The cover art for I Talking Now
gives a visual demonstration of how trombonist Luis Bonilla
's father took control of conversations at the family dinner table. When things got a little too animated for him, Bonilla's dad would bark out his signature admonishment, "You Chuttup! I talking now!" Both Doctors Phil and Spock would probably take issue with that approach. However, it is, in essence, the same approach Bonilla has taken with his PlanetArts debut.
Along with being part of the many-headed monster called the Vanguard Jazz Orchestra, Bonilla has worked with Lincoln Center's Alfredo De La Fé and the Mingus Big Band. All these experiences come together spectacularly here, as Bonilla merges Latin and urban aesthetics with Charles Mingus' tradition of making a relatively small unit sound like an army. As a result, Talking is a knock-down, drag-em-out, attention-snatching brawler... with a heart of gold at its center.
The brawling element becomes evident in the first three seconds of the opening title track, as pianist Arturo O'Farrill and drummer John Riley are broadsided by a joint primal scream from Bonilla and saxman Ivan Renta. That's the starting gun for a multi-voiced musical argument that could easily pass for a bar fight. Bonilla's trombone comes on like gangbusters, blasting out a litany of notes and progressions that would stun a charging rhino. Renta isn't having any of it, though, breaking off onto his own musical rant while Riley urges him on. O'Farrill's sound is cooler, though no less passionatein fact, his right hand eventually starts fighting with his left! Bassist Andy McKee gets his licks in, too, firing off a solo towards the piece's end that may be soft, but its message is as strong as Bonilla's roar.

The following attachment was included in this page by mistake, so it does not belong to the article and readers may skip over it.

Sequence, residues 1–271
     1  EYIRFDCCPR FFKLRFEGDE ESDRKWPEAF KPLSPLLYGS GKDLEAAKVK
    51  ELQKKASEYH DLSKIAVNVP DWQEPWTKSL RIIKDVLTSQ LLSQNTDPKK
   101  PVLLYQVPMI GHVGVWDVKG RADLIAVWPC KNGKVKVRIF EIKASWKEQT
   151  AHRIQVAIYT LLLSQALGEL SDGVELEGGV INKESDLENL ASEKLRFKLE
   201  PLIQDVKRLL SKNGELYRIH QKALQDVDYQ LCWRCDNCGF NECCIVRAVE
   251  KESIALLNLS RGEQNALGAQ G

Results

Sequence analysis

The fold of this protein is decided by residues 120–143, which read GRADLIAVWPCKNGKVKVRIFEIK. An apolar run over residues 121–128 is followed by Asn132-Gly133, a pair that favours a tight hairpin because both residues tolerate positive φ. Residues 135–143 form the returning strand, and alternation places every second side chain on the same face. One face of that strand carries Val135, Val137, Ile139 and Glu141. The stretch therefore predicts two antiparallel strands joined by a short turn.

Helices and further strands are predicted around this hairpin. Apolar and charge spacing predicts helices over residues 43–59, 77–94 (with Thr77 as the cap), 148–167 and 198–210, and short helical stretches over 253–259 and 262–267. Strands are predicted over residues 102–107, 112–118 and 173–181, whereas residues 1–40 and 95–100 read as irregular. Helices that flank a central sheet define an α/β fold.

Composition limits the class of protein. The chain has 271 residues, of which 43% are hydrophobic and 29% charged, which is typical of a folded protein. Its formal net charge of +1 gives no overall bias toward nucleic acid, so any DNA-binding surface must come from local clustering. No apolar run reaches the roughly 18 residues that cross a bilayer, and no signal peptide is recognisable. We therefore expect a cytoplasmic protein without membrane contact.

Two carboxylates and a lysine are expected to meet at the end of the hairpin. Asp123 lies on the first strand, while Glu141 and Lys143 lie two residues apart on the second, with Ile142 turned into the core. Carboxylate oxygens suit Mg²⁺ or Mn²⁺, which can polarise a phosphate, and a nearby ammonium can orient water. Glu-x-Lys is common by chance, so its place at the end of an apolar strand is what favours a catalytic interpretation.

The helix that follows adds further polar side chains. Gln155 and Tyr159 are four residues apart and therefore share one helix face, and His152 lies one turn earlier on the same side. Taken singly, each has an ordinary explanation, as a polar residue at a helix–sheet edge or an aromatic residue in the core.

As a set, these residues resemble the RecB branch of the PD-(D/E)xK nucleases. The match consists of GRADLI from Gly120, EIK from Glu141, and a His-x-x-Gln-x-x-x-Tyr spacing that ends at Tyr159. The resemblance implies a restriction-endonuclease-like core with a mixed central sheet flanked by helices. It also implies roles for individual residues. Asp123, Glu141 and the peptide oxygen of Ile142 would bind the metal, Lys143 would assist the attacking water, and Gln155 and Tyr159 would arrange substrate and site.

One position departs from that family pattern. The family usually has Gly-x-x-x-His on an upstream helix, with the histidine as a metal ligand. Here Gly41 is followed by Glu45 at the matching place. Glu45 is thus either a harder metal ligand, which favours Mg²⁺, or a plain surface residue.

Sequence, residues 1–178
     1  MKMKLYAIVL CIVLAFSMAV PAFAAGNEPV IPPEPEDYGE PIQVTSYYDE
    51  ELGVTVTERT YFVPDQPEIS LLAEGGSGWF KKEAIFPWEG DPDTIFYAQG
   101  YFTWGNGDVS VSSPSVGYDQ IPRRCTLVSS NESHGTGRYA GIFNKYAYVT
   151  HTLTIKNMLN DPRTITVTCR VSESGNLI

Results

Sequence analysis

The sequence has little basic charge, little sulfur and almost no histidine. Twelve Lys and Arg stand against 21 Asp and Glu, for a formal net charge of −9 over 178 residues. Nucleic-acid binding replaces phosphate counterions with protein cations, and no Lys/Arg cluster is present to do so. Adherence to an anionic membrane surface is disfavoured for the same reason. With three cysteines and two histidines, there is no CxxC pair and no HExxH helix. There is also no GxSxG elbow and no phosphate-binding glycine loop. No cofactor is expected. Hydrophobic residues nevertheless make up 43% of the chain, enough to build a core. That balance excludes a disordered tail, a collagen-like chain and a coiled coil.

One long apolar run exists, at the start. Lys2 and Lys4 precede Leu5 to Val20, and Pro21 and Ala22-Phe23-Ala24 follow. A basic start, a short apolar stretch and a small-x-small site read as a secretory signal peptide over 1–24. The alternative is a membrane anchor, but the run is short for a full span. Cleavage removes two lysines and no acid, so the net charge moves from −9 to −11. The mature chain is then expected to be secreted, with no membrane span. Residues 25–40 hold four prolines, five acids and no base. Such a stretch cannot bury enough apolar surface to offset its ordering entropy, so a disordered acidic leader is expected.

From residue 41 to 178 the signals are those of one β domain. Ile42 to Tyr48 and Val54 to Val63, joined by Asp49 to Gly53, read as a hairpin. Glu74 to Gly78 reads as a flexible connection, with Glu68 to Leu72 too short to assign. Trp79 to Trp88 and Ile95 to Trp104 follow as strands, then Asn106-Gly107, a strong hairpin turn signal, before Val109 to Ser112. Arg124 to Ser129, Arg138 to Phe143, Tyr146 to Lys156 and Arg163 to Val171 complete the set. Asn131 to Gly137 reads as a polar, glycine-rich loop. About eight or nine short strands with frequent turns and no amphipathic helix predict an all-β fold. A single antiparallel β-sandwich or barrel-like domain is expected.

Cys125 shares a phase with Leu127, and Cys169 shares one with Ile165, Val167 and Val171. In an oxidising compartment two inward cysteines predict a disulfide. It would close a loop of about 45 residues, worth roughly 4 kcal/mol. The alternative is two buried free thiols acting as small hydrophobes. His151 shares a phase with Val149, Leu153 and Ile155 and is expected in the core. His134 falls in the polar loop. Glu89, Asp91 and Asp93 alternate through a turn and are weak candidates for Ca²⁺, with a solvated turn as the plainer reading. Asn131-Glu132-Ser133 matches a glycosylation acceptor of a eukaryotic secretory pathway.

McKee asserts himself again on "No Looking Back," breaking up its pastoral intro with a touch of rumbling reality. The aggression on Talking is as Noo Yawk as it gets, with "Uh, Uh, Uh..." even bringing the city itself onstage. The band musically simulates the sound and spirit of the Big Apple, with Bonilla and Renta engaging in frenetic dialogue, O'Farrill's counter another country heard from, and all of them seemingly unmindful of the bustling metropolis surrounding them. The mercurial "Fifty-Eight" keeps things in the city, with the piece's speed changing at almost every turn as Riley turns the drama up and down.
The heart of gold gets its side of the story, though. The loping "Triumph" is a heartfelt tribute to the works and spirit of tennis star/activist Arthur Ashe; Bonilla revives Old School romance with "Closer Still," a love letter to his wife Luz; and "Luminescence" and "Elis" are tender odes to Bonilla's niece and daughter, respectively.
I Talking Now is a musical examination of Luis Bonilla's life experiencessome sweet, some dysfunctional, all of them engrossing and very, very real. It's a life worth listening to... even when someone isn't shouting to be heard over dinnertime conversation.